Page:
I can’t help but consider the 38 ground breaking years of Welfare State International that were retired and archived just a few years ago, and John Fox’s seminal argument he put forward in writings such as Eyes on Stalks. Fox laments the movement of arts to a “goal-orientated corporate institution where matched funding and value-added output tick boxes destroy imaginative excess.”
Where is the joy in that?
Remember Barbara Ehrenreich and her “History of Collective Joy?” Her book dives into the long history of public festivities and those that try to repress them. She concludes that collective joy is something “encoded into us” just as basic as the ability to love.
A project like The Great Halloween Lantern Parade exists on an edge between a mob and a choreographed dance. I have been asked many times—is my work political. Isn’t it inherently political for several thousand people to walk together at night in public space? However, the artistry of what makes this a Nana Project and what resonates throughout the community is our ability to create a mesmerizing experience in a mass of people. This is what makes it joyful.
Nana Projects does belong to the corporate climate of arts and we attempt to qualify the impact of our work. We hand out evaluations—lots of evaluations. However, as an artist, I use the response to the work as my primary means to understand the impact. Parades are easy to evaluate. They don’t exist without participation. When people show up, I know the event has made an impact; what happens after that is more esoteric. All of Nana Projects’ work intends to make subtle changes in how people interact and how they perceive themselves in the world—this is what we leave behind in the communities.
As we are part of the professional non-profit culture, Nana Projects also conducts strategic planning and through this process, we continue to reinforce the importance of artistic risk and fun. To continue the work—which is traditionally underpaid, overworked and quite often frustrating—the artistic process must be nurtured. Nana Projects is multi-disciplinary and we experiment with forms, materials and processes—we invite new artists, technicians and musicians to join us on projects and work very hard to nurture talent and artistic growth through our apprenticeship and internship programs.
As an artist, I understand that there are many ways to take risks and we are always looking for ways to help people make the leap of courage & creativity and find their place in the projects. I’ve found that it is essential to locate different ways for them to get involved. Nana Projects uses a unique model to plan the projects. We have three distinct groups of participants– the maker, the joiner, and the watcher.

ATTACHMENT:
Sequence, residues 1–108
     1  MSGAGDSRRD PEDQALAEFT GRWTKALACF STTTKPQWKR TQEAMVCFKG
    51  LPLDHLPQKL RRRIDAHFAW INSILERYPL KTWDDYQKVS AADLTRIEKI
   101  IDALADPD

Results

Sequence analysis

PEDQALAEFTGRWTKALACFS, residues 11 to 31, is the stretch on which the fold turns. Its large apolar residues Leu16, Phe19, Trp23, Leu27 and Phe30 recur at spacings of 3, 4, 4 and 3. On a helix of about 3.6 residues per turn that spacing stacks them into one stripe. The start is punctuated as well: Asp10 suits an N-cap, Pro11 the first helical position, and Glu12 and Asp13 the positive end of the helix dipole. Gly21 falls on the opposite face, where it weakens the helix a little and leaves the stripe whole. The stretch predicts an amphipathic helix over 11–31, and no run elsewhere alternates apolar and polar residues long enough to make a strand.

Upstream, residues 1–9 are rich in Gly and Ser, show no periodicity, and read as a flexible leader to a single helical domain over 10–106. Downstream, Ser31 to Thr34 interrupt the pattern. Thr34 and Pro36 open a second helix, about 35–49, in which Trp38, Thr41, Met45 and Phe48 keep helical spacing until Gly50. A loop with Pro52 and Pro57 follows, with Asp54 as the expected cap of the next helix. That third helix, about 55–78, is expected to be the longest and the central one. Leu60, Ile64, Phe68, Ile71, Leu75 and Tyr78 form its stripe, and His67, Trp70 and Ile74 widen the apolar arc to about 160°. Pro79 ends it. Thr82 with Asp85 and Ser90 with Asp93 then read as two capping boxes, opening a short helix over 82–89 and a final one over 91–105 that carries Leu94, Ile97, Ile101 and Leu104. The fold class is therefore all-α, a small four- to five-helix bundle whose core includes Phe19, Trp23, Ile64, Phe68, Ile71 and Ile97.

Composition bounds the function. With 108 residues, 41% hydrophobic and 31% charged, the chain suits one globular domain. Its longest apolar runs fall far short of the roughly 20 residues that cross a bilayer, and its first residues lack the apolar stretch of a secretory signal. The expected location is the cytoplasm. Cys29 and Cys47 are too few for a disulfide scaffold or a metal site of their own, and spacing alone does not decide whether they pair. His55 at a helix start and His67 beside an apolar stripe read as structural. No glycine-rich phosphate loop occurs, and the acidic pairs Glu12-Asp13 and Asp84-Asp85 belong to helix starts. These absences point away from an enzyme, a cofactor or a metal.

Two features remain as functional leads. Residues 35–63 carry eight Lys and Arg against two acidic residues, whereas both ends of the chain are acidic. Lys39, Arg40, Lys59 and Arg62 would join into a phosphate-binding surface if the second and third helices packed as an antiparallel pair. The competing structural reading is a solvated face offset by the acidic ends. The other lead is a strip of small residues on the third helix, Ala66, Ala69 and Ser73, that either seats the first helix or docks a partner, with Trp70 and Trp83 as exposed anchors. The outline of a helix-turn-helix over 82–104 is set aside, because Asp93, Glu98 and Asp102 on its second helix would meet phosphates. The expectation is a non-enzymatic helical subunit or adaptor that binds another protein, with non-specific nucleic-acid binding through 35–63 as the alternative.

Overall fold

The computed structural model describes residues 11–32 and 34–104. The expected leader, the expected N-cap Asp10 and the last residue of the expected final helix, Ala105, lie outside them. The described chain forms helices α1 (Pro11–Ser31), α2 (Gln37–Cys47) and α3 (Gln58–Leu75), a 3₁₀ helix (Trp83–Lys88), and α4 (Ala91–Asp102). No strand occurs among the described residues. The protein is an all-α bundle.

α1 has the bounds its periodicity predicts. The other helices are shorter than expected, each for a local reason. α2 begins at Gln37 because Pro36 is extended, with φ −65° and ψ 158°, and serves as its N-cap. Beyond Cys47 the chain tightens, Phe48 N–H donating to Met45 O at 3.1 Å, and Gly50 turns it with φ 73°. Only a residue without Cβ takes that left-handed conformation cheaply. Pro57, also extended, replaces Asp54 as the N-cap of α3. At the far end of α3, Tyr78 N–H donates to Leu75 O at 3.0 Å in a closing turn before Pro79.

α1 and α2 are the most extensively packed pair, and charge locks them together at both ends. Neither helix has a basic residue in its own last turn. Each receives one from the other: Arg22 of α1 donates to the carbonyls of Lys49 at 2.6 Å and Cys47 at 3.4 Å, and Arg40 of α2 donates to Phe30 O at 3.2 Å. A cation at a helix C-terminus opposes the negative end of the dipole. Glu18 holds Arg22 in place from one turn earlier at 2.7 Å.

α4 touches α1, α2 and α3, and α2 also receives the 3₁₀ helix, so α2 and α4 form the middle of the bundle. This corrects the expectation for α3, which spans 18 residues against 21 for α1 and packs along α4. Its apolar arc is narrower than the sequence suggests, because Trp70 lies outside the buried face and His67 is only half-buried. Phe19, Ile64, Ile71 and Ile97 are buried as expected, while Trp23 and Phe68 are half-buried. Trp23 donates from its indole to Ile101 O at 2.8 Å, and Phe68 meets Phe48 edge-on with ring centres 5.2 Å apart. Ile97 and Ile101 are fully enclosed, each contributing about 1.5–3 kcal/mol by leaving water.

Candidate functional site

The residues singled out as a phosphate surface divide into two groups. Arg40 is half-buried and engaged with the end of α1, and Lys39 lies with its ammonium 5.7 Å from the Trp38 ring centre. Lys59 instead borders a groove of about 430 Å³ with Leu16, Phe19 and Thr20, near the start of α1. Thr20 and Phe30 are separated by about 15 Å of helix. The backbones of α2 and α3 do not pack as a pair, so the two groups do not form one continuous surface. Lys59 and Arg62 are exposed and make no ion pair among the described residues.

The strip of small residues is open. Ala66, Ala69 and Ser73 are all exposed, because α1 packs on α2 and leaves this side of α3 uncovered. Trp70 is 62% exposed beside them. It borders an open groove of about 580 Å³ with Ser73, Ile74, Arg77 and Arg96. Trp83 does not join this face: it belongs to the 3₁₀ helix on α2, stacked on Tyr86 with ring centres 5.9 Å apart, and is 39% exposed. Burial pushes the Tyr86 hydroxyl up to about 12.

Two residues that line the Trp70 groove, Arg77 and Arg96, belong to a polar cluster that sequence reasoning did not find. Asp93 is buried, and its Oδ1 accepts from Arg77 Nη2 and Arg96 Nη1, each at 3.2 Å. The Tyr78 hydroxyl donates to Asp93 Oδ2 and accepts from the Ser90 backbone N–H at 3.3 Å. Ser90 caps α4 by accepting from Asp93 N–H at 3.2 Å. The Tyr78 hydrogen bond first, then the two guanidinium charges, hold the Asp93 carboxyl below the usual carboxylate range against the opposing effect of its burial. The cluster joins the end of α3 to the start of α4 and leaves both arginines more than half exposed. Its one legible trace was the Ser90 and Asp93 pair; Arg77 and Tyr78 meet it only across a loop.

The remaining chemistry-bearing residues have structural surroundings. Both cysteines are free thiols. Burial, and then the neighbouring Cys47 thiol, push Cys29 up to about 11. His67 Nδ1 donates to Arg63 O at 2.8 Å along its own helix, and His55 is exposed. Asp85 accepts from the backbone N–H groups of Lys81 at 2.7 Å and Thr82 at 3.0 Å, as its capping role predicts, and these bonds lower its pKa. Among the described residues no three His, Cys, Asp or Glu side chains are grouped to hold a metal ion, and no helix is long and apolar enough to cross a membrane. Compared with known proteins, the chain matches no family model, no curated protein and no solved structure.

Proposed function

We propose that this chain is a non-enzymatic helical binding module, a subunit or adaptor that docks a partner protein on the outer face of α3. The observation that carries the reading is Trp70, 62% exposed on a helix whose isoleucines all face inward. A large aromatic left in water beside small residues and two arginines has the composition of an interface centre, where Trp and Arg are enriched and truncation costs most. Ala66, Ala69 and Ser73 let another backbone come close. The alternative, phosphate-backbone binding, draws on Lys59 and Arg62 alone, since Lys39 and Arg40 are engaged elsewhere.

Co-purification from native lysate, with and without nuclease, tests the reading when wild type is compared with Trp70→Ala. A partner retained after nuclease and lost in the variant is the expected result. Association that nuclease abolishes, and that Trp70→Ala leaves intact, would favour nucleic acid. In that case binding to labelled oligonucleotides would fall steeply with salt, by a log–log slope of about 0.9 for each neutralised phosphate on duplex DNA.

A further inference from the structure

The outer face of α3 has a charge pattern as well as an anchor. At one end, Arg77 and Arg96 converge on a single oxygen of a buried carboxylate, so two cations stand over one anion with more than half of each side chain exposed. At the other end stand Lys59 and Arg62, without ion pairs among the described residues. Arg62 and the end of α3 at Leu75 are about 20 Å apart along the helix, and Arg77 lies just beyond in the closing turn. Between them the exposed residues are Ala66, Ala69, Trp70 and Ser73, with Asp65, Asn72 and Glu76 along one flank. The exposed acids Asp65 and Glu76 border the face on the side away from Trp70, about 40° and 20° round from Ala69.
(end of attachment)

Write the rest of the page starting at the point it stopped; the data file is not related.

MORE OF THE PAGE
I’ve refined this approach with The Great Halloween Lantern Parade, which brings thousands of diverse residents together into an urban park at night, creating a breathtaking public spectacle. Entering its eighth year, the Parade is one-of-a-kind and now an established event. Each Parade is preceded by over a month of lantern building workshops, which draw a broad spectrum of community members. The Parade has played a significant role in the rejuvenation of this Park at the heart of Southeast Baltimore.
One of the goals of The Great Halloween Lantern Parade is to give ownership and voice to the many populations – from the new immigrant populations to the committed urban dweller – that call Southeast Baltimore home. The parade provides an easy and accessible way to involve large numbers of people on their own terms– watching, making a lantern, or just joining the procession and walking alongside the parade.
The impact of The Great Halloween Lantern Parade happens when neighbors come together as a group, meshing into a new and broader community. That community walks into the center of Patterson Park at night, reclaiming as a group what they would be unable to do individually. One of the largest symbols of Southeast Baltimore is changed perceptually and physically. The Park at night, once a symbol of fear, becomes a place of magic, warmth and community. The power of these symbols—the lights in a thousand painstakingly created lanterns—the march of hundreds of feet on grass and path—change our community for the better, helping foster a sense of ownership of our public spaces and building hope and excitement about the future of our community.
I’m hiding, this time inside a 26’ panel truck and I’m putting on my white ‘parade boots.’ The crowd is buzzing. It’s October and there are several thousand people gathering. My big secret is I’m always amazed anyone ever shows up. Quite often, it’s cold, rainy or windy. Yet, everyone is smiling (except for the kid up past his bedtime). I have to make my way through the crowd to the front of the parade, and everyone else is already at their posts beside bands, school groups, giant lanterns and the buckets filled with kazoos. We are crafting memories. They come because they are intrigued but they stay because they too are amazed everyone showed up. Maybe Ehrenreich is right. There’s not always an obvious “point” to this work—no “religious overtones, ideological message, or money to be made.” Nevertheless, the acknowledgement that we are in this together, as a group, as diverse as we are, is something to celebrate.
Molly Ross is principal artist and director of Nana Projects, a boundary breaking multidisciplinary nonprofit in Baltimore, MD. From 1993-1999 Ross directed a series of community engaged pageants in rural Wisconsin which became the foundations of Nana Projects. Ross received an MFA in Sculpture from the School of the Art Institute of Chicago and a BS in Theater from Northwestern University. Since 2006, she has been an adjunct faculty member in the Interdisciplinary Sculpture and Foundation Departments at the Maryland Institute College of Art.
Ehrenreich, Barbara Dancing in the Streets: A History of Collective Joy 2006
Fox, John Eyes on Stalks 2002 Methuen
Lavenda, Robert H. “Festivals and the Creation of Public Culture: Whose Voice(s)?” Museums and Communities Ed Karp, Kreamer and Lavine 1992 Smithsonian Institution Press
Lavenda, Robert H Cornfests and Water Carnivals 1997 Smithsonian Institution Press
Fred Smith’s Polka Party & Puppet Show (1993-1997) directed by Molly Ross and presented by Nana Projects (aka Theater Nana) and Friends of Fred Smith Phillips, WI
The Paul and Matilda Wegner Grotto Celebration (1995) directed by Molly Ross and presented by Nana Projects (aka Theater Nana) and Monroe County Historical Society Cataract, WI
The Great Grandview Lantern Parade (1999) directed by Molly Ross and presented by Pecatonica Educational Charitable Foundation Hollandale, WI
The Great Halloween Lantern Parade (2000-2007) directed by Molly Ross/Nana Projects and presented by Creative Alliance, Friends of Patterson Park and Patterson Park CDC Baltimore, MD